It’s Fibromyalgia Awareness Day!
Every effort no matter how small goes a long way in raising awareness of this little understood chronic condition.
If you didn’t know, fibromyalgia is a neurological condition that inflicts a crap load of symptoms onto patients. Symptoms include chronic muscle pains, debilitating exhaustion, Multiple Chemical Sensitivity Syndrome – sensitivities to noise, bright lights, chemicals, certain medications and foods, depression and anxiety, cognitive impairments also known as fibro fog, irritable bowel syndrome, migraines and dizziness. This is by no means an exhaustive list.
If you need help in explaining to someone how fibromyalgia affects your life or the life of someone you love, you can direct them to my blog where there’s loads of information, explained in simple terms.
I’ve compiled 8 simple facts about fibromyalgia to help you explain what it is to someone who doesn’t know. For additional information you can read the relevant section in my blog, there’s endless information on remedies and everything you need to know to take back your life. You’ll also find all the information you need neatly compiled in my book Living the Best Life with Fibromyalgia.
8 Simple facts
1. It is an invisible illness. This means there is not usually any physical marker or sign of illness. Fibromyalgia patients often look well on the outside, while on the inside they are struggling with the host of debilitating symptoms.
2. It is a chronic, neurological condition. That means there is no cure, so if someone tells you they have been cured of fibromyalgia, they probably didn’t have it in the first place, or are going through a remission period. Fibromyalgia symptoms mirror many other chronic pain conditions like ME, chronic fatigue syndrome and lyme disease. Leading research suggests it is caused by positional cervical cord compression, which presents itself in 71% of patients.
3. Fibromyalgia is typically diagnosed by rheumatologists and neurologists, by doing blood tests to eliminate other conditions, then followed by a trigger point test. Trigger points are pain points or areas of tenderness around joints. These points hurt when pressed with a finger. In fibromyalgia, pain is widespread and present for more than three months. Every patient is treated differently, so what works for one person might not work for another. It is managed with medicines and various therapies.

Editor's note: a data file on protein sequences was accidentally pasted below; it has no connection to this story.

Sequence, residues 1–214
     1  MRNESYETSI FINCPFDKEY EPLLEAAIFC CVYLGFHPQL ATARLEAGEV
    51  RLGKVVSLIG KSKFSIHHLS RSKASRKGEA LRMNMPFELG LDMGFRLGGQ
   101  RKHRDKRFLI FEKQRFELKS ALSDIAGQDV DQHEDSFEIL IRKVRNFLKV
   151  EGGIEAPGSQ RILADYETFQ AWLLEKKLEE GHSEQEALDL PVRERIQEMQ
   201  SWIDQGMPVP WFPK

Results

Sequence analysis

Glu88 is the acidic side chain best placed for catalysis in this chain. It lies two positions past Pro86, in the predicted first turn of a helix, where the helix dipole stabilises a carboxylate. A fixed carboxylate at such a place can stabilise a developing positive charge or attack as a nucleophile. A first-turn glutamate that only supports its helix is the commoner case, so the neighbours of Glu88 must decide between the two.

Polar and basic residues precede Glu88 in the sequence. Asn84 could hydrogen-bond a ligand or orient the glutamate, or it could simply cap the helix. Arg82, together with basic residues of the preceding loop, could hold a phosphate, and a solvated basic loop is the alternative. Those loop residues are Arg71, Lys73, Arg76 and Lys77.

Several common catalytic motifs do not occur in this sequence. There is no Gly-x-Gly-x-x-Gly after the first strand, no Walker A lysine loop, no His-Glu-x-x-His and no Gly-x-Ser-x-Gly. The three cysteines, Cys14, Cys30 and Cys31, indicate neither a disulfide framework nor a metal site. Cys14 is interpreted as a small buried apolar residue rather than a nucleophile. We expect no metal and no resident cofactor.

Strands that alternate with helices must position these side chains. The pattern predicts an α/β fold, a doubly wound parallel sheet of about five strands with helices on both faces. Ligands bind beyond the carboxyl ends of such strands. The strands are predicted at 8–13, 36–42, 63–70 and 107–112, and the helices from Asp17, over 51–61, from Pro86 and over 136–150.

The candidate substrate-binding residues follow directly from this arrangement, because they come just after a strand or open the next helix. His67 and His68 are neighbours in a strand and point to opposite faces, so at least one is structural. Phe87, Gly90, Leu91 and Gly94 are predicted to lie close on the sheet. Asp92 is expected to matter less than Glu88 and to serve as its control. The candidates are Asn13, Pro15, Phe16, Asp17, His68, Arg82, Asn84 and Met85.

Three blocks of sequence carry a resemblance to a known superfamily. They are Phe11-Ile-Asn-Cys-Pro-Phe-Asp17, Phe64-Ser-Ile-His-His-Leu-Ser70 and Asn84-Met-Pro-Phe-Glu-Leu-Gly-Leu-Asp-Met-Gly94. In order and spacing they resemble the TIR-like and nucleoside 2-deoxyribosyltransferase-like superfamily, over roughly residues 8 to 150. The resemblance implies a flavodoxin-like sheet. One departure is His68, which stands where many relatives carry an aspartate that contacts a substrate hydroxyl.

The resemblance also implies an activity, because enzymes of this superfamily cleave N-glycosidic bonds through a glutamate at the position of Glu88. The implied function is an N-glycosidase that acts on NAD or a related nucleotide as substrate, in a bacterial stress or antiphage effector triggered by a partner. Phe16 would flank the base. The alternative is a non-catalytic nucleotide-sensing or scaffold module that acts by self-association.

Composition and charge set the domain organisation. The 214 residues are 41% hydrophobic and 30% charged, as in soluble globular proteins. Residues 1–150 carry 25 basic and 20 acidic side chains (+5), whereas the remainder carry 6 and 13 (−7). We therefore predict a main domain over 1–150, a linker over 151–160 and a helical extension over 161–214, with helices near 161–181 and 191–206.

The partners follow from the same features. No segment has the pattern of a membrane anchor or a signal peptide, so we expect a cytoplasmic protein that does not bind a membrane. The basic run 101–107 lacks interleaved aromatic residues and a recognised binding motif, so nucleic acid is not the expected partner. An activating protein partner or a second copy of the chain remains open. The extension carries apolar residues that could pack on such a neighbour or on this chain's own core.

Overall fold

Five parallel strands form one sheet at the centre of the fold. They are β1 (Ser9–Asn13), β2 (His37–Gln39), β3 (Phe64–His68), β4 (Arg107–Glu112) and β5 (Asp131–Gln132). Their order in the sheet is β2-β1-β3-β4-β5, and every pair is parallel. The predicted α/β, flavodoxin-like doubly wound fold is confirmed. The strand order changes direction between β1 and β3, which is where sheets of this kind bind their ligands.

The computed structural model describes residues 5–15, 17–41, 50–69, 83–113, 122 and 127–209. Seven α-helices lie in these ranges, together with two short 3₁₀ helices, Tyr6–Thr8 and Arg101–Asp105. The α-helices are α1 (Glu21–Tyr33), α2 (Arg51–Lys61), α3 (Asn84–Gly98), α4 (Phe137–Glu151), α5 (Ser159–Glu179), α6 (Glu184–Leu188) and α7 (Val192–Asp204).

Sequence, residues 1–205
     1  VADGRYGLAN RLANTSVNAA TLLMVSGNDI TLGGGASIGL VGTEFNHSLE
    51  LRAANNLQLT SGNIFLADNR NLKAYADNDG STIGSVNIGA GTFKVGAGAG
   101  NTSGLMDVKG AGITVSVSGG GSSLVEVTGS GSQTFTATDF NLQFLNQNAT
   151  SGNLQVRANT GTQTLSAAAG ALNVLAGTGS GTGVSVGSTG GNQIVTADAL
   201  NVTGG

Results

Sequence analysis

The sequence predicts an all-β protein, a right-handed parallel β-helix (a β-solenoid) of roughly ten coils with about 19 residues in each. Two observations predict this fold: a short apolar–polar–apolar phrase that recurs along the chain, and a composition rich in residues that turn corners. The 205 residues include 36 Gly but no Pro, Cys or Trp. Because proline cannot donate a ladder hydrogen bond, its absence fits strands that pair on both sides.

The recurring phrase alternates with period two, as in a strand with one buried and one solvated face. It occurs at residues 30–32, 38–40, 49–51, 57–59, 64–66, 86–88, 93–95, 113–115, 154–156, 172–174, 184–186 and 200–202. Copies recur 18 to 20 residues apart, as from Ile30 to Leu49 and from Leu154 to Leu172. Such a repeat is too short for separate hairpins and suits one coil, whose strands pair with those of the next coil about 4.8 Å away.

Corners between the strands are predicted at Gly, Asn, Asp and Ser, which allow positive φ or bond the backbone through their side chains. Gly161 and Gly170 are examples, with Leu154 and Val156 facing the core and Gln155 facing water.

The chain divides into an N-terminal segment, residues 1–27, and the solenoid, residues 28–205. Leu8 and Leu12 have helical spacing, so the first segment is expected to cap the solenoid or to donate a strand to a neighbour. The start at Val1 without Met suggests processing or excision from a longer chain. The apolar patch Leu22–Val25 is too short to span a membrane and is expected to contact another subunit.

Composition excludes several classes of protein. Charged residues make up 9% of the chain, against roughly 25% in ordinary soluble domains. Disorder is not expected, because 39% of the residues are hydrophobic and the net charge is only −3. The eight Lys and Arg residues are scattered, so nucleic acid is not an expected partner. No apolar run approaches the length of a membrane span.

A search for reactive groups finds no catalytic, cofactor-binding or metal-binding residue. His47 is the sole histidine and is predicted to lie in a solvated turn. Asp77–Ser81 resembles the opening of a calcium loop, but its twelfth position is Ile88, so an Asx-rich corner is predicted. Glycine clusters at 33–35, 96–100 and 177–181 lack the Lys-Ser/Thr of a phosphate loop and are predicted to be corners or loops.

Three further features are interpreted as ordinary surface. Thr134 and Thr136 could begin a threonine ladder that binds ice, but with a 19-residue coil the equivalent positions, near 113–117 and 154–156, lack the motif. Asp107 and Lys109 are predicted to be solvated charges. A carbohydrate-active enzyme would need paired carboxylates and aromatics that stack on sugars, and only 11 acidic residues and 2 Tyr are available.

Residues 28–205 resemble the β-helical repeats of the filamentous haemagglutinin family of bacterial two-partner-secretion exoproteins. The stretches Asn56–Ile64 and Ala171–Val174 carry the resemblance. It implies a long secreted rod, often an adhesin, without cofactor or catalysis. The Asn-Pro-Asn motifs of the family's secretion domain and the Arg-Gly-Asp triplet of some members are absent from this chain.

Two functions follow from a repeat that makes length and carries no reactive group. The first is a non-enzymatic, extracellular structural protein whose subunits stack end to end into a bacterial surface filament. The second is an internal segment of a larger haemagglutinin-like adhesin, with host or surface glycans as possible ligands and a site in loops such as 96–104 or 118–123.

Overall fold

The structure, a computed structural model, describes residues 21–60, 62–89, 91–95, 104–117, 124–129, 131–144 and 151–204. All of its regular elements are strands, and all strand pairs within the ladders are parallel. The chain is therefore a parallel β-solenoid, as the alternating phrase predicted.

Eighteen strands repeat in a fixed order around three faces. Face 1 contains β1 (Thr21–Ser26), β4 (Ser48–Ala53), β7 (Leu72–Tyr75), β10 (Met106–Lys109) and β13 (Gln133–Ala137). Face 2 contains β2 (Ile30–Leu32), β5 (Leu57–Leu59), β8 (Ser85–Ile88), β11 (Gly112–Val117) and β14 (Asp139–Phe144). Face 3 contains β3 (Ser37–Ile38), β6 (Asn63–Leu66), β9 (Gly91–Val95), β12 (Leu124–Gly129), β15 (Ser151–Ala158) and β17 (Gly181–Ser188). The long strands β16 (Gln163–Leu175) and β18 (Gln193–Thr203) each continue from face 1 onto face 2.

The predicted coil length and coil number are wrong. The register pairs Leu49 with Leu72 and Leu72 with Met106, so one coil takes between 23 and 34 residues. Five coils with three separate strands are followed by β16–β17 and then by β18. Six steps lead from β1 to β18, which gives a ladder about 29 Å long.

4. Through effective management, patients can experience a reduction in fibromyalgia symptoms. Support from loved ones is critical in the management of symptoms.
5. Do not believe everything you read on the internet about fibromyalgia and miracle cures. If you are looking for reliable information, first examine the source of the information. Leading researchers include Dr Andrew Holman, who has information available online.
6. Fibromyalgia affects 1 in 25 people in the UK according to Arthritis Research UK, and 3 to 6 million people in the US (approximately 1 in 50 Americans) according to the American College of Rheumatology. A majority (about 80%) of fibromyalgia patients are women. You are not alone.
5. You are more likely to develop fibromyalgia if it runs in your family.
6. Fibromyalgia is not all in the head. That line of thinking is old and has been scientifically proven to be wrong. Treating fibromyalgia patients as though their condition is imagined, increases stress which impacts on their symptoms.
7. Many fibromyalgia patients are compelled to quit their jobs and life dreams due to the debilitating effects of fms on their lives. It is imperative to remember that we get only one shot at this life, and with no easy chances, we have to take back our dreams, fibromyalgia or not. You rule your life not fibromyalgia.
8. You are not alone! Repetition for emphasis. Join a support group, make a friend with fibromyalgia, stay where you are supported and walk away from those who don’t add any value to your life. Fibromyalgia symptoms are exacerbated by stress. Support is crucial.
You only live once, but if you do it right, once is enough. – Mae West
Be brave. Gentle Hugs 🙂 x